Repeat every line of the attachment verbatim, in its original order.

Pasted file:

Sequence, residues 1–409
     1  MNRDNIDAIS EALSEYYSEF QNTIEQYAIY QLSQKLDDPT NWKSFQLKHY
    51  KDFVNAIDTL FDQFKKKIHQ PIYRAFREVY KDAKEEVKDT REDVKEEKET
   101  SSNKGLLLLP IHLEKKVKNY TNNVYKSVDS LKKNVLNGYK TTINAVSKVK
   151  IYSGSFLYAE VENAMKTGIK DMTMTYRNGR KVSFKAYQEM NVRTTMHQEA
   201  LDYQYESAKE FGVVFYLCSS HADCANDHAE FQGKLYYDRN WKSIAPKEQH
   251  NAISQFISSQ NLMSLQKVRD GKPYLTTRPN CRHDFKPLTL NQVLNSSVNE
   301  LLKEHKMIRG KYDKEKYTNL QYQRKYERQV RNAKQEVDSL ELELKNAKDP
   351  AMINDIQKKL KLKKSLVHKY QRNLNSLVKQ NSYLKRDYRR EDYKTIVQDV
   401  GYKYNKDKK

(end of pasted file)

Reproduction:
Sequence, residues 1–409
     1  MNRDNIDAIS EALSEYYSEF QNTIEQYAIY QLSQKLDDPT NWKSFQLKHY
    51  KDFVNAIDTL FDQFKKKIHQ PIYRAFREVY KDAKEEVKDT REDVKEEKET
   101  SSNKGLLLLP IHLEKKVKNY TNNVYKSVDS LKKNVLNGYK TTINAVSKVK
   151  IYSGSFLYAE VENAMKTGIK DMTMTYRNGR KVSFKAYQEM NVRTTMHQEA
   201  LDYQYESAKE FGVVFYLCSS HADCANDHAE FQGKLYYDRN WKSIAPKEQH
   251  NAISQFISSQ NLMSLQKVRD GKPYLTTRPN CRHDFKPLTL NQVLNSSVNE
   301  LLKEHKMIRG KYDKEKYTNL QYQRKYERQV RNAKQEVDSL ELELKNAKDP
   351  AMINDIQKKL KLKKSLVHKY QRNLNSLVKQ NSYLKRDYRR EDYKTIVQDV
   401  GYKYNKDKK